One reigning theme in "Fur" is friendship vs. convenience, among many other themes that could be extrapolated from the tale.
In this story, two women who are friends, Eleanor and Suzanne, are plotting a way to let Suzanne's rich cousin know that she wants an expensive fur for her birthday. While they are about to carry out their plan, Eleanor asks Suzanne if she could do a favor for her as well: to sit in her place at a game of bridge, hosted by some "boring" aunts, in order for Eleanor to see her beau.
Suzanne is a woman who is described as someone who thinks that
the sacrifices of friendship were beautiful in her eyes as long as she was not asked to make them.
Therefore, she refuses to do the favor for Eleanor even though the latter is currently doing a favor for her. This type of "friendship for convenience" and the poor balance of sacrifices that each woman is willing to do for one another are the central topics that the story reflects. Still, there is one more theme, which is revenge.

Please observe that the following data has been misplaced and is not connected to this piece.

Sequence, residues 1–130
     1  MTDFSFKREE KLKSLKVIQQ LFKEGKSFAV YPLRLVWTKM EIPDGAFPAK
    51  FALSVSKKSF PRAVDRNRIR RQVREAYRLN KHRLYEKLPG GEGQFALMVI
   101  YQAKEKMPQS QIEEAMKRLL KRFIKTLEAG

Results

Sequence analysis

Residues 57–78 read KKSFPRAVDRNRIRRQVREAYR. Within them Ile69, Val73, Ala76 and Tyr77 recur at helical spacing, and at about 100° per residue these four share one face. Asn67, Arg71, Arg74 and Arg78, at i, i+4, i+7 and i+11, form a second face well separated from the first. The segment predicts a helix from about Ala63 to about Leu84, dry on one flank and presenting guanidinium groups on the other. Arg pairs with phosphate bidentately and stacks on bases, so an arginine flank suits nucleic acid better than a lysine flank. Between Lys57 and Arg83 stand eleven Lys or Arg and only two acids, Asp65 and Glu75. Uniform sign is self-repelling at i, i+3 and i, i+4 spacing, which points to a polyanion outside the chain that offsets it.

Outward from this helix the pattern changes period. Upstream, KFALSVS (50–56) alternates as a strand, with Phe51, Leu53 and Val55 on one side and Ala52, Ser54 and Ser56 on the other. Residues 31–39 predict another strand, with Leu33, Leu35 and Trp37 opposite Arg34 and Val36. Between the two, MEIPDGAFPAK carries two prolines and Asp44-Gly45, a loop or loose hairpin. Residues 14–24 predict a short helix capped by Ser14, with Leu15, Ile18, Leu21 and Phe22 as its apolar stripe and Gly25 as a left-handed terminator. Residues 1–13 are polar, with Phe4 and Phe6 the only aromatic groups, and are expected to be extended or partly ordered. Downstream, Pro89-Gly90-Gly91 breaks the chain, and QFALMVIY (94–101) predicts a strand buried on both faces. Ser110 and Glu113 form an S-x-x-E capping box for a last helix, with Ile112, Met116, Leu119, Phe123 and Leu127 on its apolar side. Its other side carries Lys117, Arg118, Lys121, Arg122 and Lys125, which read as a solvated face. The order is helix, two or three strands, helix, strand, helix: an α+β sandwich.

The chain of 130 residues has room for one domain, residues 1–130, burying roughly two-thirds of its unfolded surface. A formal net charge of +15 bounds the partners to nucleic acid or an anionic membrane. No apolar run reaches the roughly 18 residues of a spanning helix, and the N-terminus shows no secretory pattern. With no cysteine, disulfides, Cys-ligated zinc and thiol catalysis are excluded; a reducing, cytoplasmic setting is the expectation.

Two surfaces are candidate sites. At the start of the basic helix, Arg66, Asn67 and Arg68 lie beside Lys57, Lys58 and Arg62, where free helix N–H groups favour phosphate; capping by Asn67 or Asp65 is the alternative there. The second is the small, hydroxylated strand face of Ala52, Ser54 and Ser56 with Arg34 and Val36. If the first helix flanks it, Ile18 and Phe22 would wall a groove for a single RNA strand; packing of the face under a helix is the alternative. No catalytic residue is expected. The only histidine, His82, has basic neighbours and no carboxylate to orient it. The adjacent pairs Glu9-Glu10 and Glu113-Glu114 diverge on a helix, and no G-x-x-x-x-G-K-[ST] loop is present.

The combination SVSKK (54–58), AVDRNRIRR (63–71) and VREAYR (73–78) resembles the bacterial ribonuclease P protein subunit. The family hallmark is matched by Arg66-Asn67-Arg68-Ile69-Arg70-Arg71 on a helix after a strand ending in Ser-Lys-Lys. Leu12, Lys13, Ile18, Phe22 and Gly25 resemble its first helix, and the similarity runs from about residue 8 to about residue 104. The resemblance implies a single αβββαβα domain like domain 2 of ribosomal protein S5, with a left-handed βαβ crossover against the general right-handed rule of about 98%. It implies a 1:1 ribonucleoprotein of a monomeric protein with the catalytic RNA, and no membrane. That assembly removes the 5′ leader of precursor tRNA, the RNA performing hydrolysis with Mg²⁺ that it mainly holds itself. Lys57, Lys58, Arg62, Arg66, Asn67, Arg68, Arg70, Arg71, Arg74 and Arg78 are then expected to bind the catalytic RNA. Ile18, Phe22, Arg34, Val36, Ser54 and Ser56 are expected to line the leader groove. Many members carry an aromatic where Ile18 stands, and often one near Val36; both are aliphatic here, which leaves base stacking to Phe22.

When Eleanor sees Suzanne's refusal, she actively and discreetly switches her goal and ends up convincing the rich cousin to buy her (Eleanor) a fur after she "revealed" to him the sad story that her family cannot buy her nice things. Not only did she manage to snag the fur for herself, but she also suggested the wrong present for Suzanne's birthday, which was a fan; something that Suzanne absolutely does not need.